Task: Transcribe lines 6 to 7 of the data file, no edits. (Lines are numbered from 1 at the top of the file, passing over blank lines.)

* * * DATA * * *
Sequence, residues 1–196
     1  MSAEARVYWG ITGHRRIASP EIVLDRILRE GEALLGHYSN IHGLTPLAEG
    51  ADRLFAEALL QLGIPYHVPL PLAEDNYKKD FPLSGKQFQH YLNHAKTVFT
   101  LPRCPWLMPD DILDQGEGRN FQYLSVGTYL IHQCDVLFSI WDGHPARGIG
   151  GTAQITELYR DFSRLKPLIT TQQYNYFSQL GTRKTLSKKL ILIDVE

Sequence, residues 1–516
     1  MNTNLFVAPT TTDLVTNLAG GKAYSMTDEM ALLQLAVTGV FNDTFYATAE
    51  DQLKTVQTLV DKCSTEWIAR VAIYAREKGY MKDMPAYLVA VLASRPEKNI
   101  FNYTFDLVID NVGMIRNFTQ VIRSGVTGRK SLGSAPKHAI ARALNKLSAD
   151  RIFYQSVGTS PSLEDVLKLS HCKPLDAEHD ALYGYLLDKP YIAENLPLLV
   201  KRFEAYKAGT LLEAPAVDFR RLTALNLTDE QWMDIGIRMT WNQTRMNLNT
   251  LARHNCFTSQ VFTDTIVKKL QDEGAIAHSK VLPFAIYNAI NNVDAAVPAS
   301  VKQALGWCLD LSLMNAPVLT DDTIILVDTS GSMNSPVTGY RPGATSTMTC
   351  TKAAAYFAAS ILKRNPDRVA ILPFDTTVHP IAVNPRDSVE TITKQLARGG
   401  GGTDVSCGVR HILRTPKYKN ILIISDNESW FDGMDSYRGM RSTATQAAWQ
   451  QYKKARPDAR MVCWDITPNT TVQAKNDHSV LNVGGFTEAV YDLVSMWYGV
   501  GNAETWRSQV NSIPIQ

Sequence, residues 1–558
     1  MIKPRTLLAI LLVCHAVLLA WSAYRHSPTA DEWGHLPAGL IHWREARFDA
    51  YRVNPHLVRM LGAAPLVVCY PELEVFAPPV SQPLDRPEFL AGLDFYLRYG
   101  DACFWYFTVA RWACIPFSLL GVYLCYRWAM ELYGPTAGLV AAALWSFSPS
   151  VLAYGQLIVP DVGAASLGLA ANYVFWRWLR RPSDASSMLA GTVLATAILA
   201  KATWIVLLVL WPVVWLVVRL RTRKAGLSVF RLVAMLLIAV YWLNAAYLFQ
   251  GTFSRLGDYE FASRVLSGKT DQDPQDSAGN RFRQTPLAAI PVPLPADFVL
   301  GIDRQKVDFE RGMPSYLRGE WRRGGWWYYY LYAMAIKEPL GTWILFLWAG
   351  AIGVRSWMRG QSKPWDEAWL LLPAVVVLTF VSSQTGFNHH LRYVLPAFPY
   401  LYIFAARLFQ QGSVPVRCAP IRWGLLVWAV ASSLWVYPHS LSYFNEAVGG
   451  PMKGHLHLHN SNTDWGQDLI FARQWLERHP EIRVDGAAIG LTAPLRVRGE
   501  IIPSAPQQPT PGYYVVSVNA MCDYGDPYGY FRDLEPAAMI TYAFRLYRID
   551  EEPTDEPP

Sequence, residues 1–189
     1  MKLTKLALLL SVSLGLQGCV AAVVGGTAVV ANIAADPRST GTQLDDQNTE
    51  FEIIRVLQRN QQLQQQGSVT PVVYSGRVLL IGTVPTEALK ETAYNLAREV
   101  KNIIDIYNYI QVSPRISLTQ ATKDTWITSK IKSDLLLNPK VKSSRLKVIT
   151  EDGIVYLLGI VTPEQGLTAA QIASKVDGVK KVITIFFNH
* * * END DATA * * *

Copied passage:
Sequence, residues 1–516
     1  MNTNLFVAPT TTDLVTNLAG GKAYSMTDEM ALLQLAVTGV FNDTFYATAE